Johnny D's in Davis Square is headlining Glen David Andrews.
In a city whose spirit world is as old as Mother Africa’s children, Glen David Andrews, a native son of New Orleans, has made a compelling case for his own deliverance with a powerful new project that correlates his own reclaimed life to his reclaimed city.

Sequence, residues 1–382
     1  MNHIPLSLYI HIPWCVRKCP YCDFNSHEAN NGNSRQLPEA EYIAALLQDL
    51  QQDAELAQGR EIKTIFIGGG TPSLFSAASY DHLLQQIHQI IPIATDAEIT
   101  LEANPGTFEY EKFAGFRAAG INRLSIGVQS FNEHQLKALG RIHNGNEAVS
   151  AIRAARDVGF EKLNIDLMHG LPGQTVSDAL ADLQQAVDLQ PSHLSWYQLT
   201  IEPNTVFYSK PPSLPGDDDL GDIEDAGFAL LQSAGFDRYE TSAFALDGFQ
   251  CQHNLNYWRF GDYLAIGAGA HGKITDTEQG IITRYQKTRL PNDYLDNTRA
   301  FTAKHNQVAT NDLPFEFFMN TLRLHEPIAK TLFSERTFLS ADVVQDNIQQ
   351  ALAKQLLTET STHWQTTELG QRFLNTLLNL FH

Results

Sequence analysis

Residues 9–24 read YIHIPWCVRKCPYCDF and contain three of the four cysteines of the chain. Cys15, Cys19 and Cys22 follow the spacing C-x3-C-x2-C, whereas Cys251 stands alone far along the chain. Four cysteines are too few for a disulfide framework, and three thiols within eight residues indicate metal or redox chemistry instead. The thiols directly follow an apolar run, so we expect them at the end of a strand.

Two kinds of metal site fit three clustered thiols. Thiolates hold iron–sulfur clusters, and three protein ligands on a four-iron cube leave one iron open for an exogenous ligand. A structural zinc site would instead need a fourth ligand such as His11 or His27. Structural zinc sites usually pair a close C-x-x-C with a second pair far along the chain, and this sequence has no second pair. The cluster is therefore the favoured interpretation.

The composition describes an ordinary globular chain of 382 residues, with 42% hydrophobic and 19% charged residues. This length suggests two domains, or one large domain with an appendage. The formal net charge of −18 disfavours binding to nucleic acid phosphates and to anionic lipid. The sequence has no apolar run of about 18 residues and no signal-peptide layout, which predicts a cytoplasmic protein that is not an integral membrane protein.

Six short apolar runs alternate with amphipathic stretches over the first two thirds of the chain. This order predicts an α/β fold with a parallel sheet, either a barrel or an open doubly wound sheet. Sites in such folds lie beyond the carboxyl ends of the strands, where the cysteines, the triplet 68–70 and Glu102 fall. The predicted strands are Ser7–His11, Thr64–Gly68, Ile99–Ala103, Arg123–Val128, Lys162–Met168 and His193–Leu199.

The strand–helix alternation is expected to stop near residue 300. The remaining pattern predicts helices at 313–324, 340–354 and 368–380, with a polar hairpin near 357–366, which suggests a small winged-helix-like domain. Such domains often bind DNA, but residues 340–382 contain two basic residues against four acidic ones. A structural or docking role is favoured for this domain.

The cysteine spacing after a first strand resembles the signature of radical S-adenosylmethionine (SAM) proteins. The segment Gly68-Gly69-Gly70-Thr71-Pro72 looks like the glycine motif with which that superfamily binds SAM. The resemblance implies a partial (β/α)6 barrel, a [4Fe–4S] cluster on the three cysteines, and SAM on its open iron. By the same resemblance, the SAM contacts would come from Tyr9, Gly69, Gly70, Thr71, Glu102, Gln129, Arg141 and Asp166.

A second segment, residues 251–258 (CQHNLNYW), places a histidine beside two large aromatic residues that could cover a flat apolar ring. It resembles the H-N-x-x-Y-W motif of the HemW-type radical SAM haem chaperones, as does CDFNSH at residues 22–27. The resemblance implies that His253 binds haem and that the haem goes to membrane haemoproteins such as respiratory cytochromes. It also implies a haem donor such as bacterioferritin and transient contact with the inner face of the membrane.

Andrews comes from a storied extended family of musicians. He was born in the historic Tremé neighborhood – which many consider to be the oldest black community in the United States – where the struggle to survive is older than the mighty oak trees in the Crescent City. According to family folklore, Anthony “Tuba Fats” Lacen, a patriarch of modern New Orleans music, directed the bell of his horn toward Andrews's mother's belly as a way to induce labor. Andrews was born the following day. Transfixed by the magic and mystery of the city's second-line parades, Andrews and his older brother, Derrick Tabb of the Rebirth Brass Band, along with their younger cousin Troy “Trombone Shorty,” soaked up life's musical lessons by learning the history of the brass band tradition firsthand from iconic figures like Tuba Fats. They also learned the power of the city's Mardi Gras Indian culture.